A few weeks ago the "Master Key" APK verification vulnerability rocked the Android security landscape... then immediately stopped rocking it, once Google revealed that they had patched the vulnerability months ago. Still, that's little comfort to users who aren't on a brand-new 4.2 phone (or, you know, a Nexus device that gets real updates). CyanogenMod has responded by patching all of its official ROMs (twice), and now noted security firm Duo has teamed up with Northeastern University's SecLab to do the same for all Android rooted users, regardless of their device.
Zumba is a worldwide phenomenon. There's something about exercising while dancing that almost makes the laborious task of burning calories feel like, well, having fun. The illusion is so convincing that Zumba Fitness games has appeared for the Wii, Playstation 3, and Xbox 360 - and they've sold quite well. Now Majesco Entertainment is bringing the experience to Android with Zumba Dance.
Don't bother looking for virtual controls, as Zumba Dance uses your tablet's camera to track a user's physical movement.
Some people can take some phenomenal pictures using their smartphone cameras, but many mere mortals often find that their pictures look best with a healthy coating of filters and exaggerated graininess to mask the graininess that's already there. Paper Camera has made its way around Android circles due to its uncanny ability to skip the whole editing step and take instant hand-drawn depictions of whatever a camera is facing. Paper Artist is a photo editor from the same developers that gives users a broader set of tools for turning their pre-existing photos into art.
Google has officially launched the new web version of the Play Store, and it's a looker. The new interface is based around - you might have guessed - cards and sidebar navigation. I can't find a single page that hasn't been completely revamped. The new look is quite attractive, I think, and presents information in a much more clean, readable manner.
While functionally there aren't a huge amount of changes, the visual difference is stark.
Uber, the mobile service for hailing a cab directly from your smartphone, rolled out a new feature today that lets friends share the cost of a trip with friends. Users can now simply request a ride, select the Split Fare option, and choose a friend to split the fee with. Assuming the person wants to remain friends afterwards, all they have to do is tap the link that they received in a text message from Uber.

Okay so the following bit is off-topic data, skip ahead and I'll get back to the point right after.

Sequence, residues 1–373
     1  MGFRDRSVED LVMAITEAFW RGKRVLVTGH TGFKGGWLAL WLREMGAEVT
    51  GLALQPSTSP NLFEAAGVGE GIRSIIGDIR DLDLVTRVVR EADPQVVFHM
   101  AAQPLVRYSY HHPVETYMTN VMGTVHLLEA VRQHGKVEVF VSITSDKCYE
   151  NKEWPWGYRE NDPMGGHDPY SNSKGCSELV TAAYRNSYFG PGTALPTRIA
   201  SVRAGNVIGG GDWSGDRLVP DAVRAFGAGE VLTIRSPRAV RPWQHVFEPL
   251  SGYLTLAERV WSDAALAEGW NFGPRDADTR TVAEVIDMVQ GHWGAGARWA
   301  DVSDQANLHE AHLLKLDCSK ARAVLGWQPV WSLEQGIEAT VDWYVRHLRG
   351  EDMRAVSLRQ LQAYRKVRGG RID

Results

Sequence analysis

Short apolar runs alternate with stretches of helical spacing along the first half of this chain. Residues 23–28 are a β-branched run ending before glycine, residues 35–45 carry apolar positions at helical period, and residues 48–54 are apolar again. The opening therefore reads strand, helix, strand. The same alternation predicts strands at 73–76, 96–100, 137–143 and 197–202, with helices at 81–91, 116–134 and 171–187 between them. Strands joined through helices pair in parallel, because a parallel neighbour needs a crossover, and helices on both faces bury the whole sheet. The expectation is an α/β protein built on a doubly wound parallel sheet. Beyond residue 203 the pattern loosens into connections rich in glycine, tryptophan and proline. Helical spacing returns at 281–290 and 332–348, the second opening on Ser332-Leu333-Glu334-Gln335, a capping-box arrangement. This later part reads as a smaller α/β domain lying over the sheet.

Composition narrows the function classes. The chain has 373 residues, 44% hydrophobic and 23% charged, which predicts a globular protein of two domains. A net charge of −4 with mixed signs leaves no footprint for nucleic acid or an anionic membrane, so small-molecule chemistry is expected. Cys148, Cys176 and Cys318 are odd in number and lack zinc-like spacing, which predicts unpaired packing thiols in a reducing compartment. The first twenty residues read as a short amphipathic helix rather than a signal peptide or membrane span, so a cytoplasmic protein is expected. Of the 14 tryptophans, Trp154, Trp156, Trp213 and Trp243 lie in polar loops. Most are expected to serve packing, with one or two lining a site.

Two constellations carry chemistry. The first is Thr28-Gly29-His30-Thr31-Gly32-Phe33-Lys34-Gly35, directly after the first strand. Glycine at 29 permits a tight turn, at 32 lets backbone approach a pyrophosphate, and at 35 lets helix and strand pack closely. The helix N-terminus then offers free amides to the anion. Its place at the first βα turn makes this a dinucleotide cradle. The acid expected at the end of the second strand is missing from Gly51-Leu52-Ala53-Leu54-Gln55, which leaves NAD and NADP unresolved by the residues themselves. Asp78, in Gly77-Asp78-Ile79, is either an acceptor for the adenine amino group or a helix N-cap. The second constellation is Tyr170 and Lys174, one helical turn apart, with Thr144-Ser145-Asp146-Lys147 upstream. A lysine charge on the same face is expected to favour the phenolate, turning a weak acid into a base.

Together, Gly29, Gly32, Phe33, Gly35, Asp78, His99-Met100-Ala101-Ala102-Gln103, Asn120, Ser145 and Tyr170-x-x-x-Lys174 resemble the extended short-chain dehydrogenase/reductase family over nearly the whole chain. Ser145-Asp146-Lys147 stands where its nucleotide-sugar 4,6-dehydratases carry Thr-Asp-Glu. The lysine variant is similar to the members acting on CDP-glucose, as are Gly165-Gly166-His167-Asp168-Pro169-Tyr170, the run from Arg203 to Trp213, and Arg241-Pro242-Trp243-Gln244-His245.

How about a little boost on this Monday morning? Picking up some new apps and games at drastically reduced prices might provide just the kick you need to attack the day like an unstoppable nuclear-powered robot tiger that shoots lightning from its eyes. Or something less outlandish... but these apps are still on sale either way.
Looking for some new apps but don't have time to go through our longer roundups from the past month? No worries, we're back with a whole month's worth of apps boiled down into five picks guaranteed to improve your catalog. Not all the great apps of the month could fit on our list, so we'll follow up with some honorable mentions. Without further ado, let's get started.
DialApp is a dialer replacement that retains some semblance of its stock counterpart, while seeking to drastically improve performance by guessing who you want to call, and making your call log infinitely smarter.
Carbon, one of the most hotly anticipated Twitter clients to ever come to Android, got an update today to version 1.2, bringing with it a ton of useful enhancements.
First among these is the ability to browse from links or watch YouTube videos in the app, saving time that would otherwise be spent leaving the app to see content somewhere else.
The update also adds Vine preview/playback, people search, a new image viewer, the ability to save images, optional style tweaks (like changing tweet font size), and the ability to change notification frequency, among other things.